As was explained in Sharpening Principles, the whetstone starts altering the “ideal” penetrating profile of the edge from the first whetting on. The variables affecting the time interval at which re shaping is advantageous are therefore related mostly to how the blade is honed.
I nearly always use fine-grit natural stones and hone about every five minutes. Mowing in a field where only an occasional rock is found, I peen approximately every 3 to 4 hours. If I used the kind of synthetic whetstones prevalent today, I would halve that time interval.
In many European traditions, 4 to 6 hours was “a day’s worth of mowing”. During “lunch break” (around 7 or 8 AM) the blades were often touched up with the hammer. Only those who made a seasonal profession of mowing could be found in the field during the dry, toilsome afternoon hours. Those who could afford to own two scythes would swap halfway through the day; both had been readied the evening before.
In view of the above, and from my own experience, the intervals of 15 minutes for whetting and 12 hours for peening recommended by David Tresemer are exceedingly long. Even if I were a strong man, I would consider it a poor expenditure of energy to coax a blade, maintained on such a schedule, through the grass. Perhaps I am lazy, or simply like to hone and hammer scythe blades…mowing is a very personal experience. The time taken to complete the task of peening would not concern me at all. The quality of the results is directly related to patience and attention to details.
Using the jig, it may be accomplished in about 10 minutes – five minutes per cap; with experience one may halve that time. I prefer the “freehand” method, and after hammering many dozens of blades, still take 15 to 20 minutes for one of average length. It is my very enjoyable centering period of a summer’s day.
There is also a substantial difference between peening a blade that has been neglected, i.e. left unpeened too long, and just “touching up” a well-maintained one. Tresemer’s diagram (page 22 in The Scythe Book) suggests what I’d refer to as the “four lines” method of peening, which is a more-or-less “complete” job. I would never advise this to beginners. One or two lines, repeated at more frequent intervals, would certainly produce far more satisfactory results.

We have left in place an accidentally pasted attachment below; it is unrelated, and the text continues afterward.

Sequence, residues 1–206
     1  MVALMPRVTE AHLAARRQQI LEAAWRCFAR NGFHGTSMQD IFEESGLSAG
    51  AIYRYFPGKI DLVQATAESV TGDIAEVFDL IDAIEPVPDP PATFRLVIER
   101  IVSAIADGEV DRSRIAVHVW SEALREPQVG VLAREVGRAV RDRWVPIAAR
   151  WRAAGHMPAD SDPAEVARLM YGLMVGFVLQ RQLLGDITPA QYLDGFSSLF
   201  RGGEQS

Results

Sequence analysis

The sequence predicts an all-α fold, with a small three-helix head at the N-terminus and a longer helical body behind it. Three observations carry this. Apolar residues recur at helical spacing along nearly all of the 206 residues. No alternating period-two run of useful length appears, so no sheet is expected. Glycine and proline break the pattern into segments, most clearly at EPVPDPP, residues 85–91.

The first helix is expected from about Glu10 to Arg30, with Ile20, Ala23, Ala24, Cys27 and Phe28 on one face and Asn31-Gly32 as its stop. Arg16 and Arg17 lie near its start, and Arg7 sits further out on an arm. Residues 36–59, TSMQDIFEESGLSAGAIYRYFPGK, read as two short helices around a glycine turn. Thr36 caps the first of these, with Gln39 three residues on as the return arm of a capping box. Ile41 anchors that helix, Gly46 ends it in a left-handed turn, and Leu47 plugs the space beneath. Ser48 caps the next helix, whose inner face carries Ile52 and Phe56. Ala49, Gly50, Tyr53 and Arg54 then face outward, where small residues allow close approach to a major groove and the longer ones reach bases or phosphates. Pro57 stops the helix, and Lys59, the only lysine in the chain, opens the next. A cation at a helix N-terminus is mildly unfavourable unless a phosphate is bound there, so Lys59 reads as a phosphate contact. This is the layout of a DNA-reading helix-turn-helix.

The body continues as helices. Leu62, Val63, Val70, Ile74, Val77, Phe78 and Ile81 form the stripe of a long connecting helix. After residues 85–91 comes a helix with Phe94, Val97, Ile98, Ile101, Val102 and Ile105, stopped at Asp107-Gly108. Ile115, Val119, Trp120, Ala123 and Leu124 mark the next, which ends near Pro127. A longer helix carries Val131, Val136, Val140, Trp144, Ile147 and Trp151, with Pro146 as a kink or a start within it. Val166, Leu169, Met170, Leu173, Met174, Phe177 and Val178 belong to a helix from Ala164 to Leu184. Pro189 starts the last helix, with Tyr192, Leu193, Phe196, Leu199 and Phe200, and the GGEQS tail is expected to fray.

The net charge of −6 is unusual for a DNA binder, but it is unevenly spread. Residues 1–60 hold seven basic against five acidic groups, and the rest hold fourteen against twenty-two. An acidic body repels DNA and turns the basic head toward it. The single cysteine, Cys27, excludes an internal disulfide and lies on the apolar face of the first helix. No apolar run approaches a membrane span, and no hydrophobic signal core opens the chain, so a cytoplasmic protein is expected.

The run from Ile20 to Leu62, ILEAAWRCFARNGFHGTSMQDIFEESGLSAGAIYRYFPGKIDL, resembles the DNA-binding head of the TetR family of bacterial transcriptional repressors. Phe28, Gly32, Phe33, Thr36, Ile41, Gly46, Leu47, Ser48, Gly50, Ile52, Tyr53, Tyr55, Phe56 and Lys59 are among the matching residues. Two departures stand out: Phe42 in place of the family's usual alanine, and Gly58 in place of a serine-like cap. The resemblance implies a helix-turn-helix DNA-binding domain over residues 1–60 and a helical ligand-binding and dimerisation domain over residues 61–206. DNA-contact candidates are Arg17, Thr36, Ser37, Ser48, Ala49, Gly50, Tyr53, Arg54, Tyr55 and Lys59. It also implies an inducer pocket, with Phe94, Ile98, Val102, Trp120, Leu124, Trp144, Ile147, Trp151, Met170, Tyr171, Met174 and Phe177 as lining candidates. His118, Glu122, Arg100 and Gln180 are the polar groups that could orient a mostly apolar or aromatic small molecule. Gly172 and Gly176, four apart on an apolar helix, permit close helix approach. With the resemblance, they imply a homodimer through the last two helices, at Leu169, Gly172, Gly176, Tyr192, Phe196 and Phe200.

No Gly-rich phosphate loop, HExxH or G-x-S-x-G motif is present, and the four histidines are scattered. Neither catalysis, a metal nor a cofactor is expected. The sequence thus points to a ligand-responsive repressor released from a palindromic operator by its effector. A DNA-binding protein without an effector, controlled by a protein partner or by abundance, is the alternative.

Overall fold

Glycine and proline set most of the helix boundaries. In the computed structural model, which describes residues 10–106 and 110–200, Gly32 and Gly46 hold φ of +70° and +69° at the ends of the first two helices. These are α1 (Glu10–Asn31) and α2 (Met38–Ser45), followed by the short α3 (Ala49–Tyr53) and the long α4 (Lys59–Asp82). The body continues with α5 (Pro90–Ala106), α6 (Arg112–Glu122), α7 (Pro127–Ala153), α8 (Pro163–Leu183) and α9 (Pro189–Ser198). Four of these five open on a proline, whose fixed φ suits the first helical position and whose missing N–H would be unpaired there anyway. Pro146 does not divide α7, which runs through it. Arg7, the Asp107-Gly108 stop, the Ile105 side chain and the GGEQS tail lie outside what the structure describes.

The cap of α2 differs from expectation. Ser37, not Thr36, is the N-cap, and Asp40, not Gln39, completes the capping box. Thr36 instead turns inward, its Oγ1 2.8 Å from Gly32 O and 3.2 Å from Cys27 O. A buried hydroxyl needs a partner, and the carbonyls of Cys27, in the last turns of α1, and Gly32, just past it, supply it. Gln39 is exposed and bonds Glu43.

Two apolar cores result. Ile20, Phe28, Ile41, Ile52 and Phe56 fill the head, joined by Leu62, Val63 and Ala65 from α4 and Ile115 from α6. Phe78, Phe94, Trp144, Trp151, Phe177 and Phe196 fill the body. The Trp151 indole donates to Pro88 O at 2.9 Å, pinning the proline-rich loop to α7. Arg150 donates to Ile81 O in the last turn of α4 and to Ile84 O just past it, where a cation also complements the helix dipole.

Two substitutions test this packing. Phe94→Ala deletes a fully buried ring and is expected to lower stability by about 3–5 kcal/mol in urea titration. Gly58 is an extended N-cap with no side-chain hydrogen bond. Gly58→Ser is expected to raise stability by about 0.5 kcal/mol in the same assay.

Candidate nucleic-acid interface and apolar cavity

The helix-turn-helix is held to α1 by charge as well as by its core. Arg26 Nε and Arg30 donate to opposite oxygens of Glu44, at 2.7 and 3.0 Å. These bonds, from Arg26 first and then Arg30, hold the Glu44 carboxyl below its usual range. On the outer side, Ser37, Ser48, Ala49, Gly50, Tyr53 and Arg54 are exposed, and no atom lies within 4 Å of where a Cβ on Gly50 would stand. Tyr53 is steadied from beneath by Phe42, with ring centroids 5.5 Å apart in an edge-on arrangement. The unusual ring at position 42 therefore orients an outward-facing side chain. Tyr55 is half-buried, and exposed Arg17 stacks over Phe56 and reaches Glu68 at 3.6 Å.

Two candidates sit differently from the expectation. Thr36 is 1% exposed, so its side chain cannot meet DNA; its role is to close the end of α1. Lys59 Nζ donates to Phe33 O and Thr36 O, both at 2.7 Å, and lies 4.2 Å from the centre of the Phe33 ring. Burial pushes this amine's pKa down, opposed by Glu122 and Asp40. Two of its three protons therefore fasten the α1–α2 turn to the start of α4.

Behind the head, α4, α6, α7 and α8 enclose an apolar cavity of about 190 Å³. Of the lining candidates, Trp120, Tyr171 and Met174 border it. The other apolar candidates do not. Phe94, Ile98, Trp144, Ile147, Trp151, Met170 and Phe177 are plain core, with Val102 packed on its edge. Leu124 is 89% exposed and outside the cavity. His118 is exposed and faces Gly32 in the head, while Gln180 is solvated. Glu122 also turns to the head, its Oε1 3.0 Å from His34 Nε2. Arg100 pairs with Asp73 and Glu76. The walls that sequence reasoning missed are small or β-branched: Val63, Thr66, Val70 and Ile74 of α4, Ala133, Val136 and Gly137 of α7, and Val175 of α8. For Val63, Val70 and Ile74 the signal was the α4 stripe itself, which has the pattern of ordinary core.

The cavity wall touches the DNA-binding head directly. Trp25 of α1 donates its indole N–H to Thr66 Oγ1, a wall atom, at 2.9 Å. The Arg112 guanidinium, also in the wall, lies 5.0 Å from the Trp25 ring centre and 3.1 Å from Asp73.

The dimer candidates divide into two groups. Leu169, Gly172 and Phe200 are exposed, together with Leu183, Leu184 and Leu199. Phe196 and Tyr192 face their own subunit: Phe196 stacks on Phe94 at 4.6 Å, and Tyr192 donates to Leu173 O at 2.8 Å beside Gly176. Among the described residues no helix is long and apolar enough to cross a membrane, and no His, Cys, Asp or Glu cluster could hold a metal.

With other words, if someone wants to spend only five minutes to peen a 70-cm blade they should do one line of slightly overlapping strokes. I do this myself occasionally – and yes, I can do that in five minutes.
Until more extensive notes are in print, I will leave you with one suggestion: Practice the peening on used “American” blades. They can often be obtained for a few dollars and may save your good blade from initial abuse. I have yet to come across one that could not be peened; some, in fact, cold-work better than many blades of recent production. An inexperienced person may crack one (which in itself is a good lesson and a chance to practice edge repair), but not because the blade is too hard. Rather, they will be found with edges too thick and convex from both sides, and may crack or chip if struck while not well supported. Filing the bevels thinner and flatter will help. And always, for Heaven’s sake, remove ALL rust from both sides of the edge you are about to peen.
The jig, like all tools you care about, should be kept free of rust. If you keep it set in a stump in the backyard all summer, by all means cover it with an old can or bucket. A light coat of grease or oil will help. The oil also keeps the caps moving smoothly as they should when peening. With a little care, this simple tool will last for decades.
A few close-up photos of peening a blade; click each one for a larger image.
Poor technique–the edge is not supported.